Sip Back and Relax

01 Nov 2023

Hidden Ships Distillery opens in Surf City with craft cocktails and a retro vibe


Entrepreneurs Andy and Amy Szwejbka (pronounced Sh-web-kah) understand the value of timing.  As owners of Topsail Island's first craft distillery, the newly opened Hidden Ships in Surf City, the Hampstead couple becomes part of the burgeoning $30 billion global craft spirits market, which industry analysts at The Business Research Company expect to reach $83 billion by 2027. Here in the U.S., the number of craft distilleries has gone from less than a hundred in 2011 to more than 2,687 in 2002, according to the American Craft Spirits Association. Nearly 90 of those are in the Tar Heel State and about a half dozen call the Wilmington area home, according to

“Craft distilleries today are where craft breweries were 15 years ago,” says Andy, a former Marine of 21 years. “Right now we're catching the surging wave of popularity for crafted spirits.” And for all things retro. Think clothing, vinyl records and, yes, cocktails. More on that later.

“When Andy retired from the Marine Corps and I retired from nursing 21 years ago, we went in search of an encore career,” says Amy. In some ways it was a literal search with Andy, Amy, their four children and their dog, spending a year touring the United States. A key part of that experience turned out to be the Kentucky Bourbon Trail, where they enjoyed touring some of the nation's finest distilleries.

That experience, along with one at Murto Made Distillery in Huntersville, North Carolina, shortly before their cross-country adventure, led the married couple of 21 years to consider launching a distillery of their own.

“That's where I had my first smoked old-fashioned,” recalls Andy. “Everything that went into the preparation and presentation—the burning wood chips, the smoke sent through a tube and the smoking dome—was excellent.”

Convinced that their search for an encore career had reached a successful conclusion, Andy and Amy enrolled in Moonshine University in Louisville, Kentucky, where they completed an intensive 6-day hands-on course combining technical spirits training and business management education. Andy also earned his graduate certificate in Distilled Spirits from the University of Louisville.

“We understood the value of education and training, but also realized that we didn't know all the ins and outs of the business,” he says. “So, we went in search of a distillery consultant and found Steve Tomori of Kindred Spirits Consulting in Leland, whom we met a few years earlier during the grand opening of End of Days Distillery in Wilmington, where he worked as the master distiller. Steve was pivotal in our distillery plans, advising us on everything from equipment to installation to recipes.”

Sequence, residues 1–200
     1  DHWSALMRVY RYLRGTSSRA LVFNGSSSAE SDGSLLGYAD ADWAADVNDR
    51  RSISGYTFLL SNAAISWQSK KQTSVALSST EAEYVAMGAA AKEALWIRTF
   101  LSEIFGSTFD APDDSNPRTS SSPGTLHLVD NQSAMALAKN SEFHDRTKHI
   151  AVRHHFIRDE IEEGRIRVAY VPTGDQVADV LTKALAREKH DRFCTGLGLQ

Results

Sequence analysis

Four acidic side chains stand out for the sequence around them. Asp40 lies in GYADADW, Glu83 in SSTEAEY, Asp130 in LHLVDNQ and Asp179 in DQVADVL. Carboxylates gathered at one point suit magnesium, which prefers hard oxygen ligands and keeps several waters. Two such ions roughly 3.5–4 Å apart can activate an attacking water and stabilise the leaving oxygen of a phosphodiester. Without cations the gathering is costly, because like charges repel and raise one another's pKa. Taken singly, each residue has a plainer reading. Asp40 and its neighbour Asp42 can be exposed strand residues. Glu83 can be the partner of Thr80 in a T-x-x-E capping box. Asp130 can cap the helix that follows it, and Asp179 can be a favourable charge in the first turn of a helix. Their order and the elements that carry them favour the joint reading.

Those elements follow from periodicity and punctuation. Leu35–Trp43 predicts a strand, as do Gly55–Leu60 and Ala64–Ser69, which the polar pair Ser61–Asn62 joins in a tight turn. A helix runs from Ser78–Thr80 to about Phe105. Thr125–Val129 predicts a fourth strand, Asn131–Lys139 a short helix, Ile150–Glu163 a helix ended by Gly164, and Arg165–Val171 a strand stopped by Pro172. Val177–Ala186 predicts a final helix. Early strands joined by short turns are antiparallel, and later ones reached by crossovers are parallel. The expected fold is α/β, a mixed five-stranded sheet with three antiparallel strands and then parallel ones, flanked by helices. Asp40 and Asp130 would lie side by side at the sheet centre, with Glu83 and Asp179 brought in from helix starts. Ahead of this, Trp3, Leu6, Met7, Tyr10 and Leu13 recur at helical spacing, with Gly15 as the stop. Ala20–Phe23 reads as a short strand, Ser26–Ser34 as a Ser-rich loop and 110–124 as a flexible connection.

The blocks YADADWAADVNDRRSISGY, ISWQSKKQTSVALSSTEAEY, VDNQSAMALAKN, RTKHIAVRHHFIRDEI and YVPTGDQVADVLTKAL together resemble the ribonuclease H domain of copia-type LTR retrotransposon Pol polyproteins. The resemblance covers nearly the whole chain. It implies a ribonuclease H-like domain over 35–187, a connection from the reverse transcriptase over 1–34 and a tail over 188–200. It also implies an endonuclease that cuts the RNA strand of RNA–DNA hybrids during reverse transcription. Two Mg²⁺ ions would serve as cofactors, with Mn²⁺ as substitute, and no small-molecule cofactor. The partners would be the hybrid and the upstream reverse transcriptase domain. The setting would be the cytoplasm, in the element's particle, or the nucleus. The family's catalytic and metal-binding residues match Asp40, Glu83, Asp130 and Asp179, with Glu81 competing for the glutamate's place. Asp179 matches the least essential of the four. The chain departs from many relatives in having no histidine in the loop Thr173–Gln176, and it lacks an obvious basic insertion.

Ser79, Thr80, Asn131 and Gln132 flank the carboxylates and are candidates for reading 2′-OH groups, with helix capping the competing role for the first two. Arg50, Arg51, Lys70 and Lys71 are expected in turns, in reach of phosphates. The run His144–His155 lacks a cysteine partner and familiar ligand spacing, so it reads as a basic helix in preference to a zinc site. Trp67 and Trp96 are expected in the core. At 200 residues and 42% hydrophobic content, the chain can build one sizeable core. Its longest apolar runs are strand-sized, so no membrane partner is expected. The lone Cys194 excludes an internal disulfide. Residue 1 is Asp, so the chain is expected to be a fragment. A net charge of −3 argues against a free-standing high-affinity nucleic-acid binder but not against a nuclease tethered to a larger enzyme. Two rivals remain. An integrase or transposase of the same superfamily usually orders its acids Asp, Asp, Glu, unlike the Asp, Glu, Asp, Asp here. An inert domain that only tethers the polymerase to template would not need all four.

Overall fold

Retro Vibe

The menu is a classy mix of 16 “pre-prohibition inspired” bourbon, gin, rum and vodka classics (four each), none of which feature more than three or four ingredients. 

Hidden Ships distills the spirits, though the initial bourbon is sourced from Southern Distilling Company in Statesville, North Carolina, before going through secondary aging at Hidden Ships, using sherry-infused spirals to achieve a unique taste. 

Featured drinks would have been served in the late 1800s and early 1900s. Some, such as Manhattans, Martinis, Tom Collins and Mojitos are familiar. Others not so much: The Boulevardier Valentino, The Last Word and Rum Fix, to name a few. Also on the menu: eight rotating North Carolina craft beers (draft only) on tap, cider in cans and wines (two reds, two whites and a prosecco).

“We don't want to overwhelm our customers, so we include only the classics that have been around for more than a hundred years,” says Andy. 

Amy adds that a lot of thought and planning went into the decision-making process for the menu. 

“When it came to researching and deciding on which drinks to include, Andy (who majored in history at Worcester State University in Massachusetts) really nerded out… which is a good thing.”

Meanwhile, it was Amy, with the help of Port City Design in Wilmington, who set out to achieve a retro aesthetic.

“We wanted to match the decor with the retro drinks theme,” Amy explains. So, we incorporated tufted turquoise chairs and sofas, simple tables, gold accents and whimsical art reminiscent of that era. A Wall of Fame comprised of engraved wooden hexagon shapes honors Kickstarter campaign contributors. The Hidden Ships logo itself, with its geometric shapes, also has an Art Deco feel. And front and center behind the curved bar are the copper stills and wood barrels that add considerably to the venue's ambiance as do the stylish drop-down lights.

Tours and tastings are available Wednesday through Sunday and classes on mixology, sensory training and pairing are also offered. Just before Thanksgiving, patrons can look forward to a bourbon cream, as well as an aged rum and gin this spring.

Located in the Triton Village shopping center, which is fast becoming a food-and-drink hub, the Szwejbkas plan to add food trucks in the future. For now, they invite patrons to bring take-out meals and snacks from “any of the talented restaurants nearby.” Four-legged friends are also welcome. 

More in the works: special events to benefit causes near and dear to their hearts including military causes and The Reel Housewives of Topsail Island, which raises money and offers immediate support directly to local women affected by breast cancer. 

“Giving back to our community is important to us,” says Amy. “And we really hope our community feels special when they visit us and that we're able to provide them with a memorable experience,” adds Andy. 


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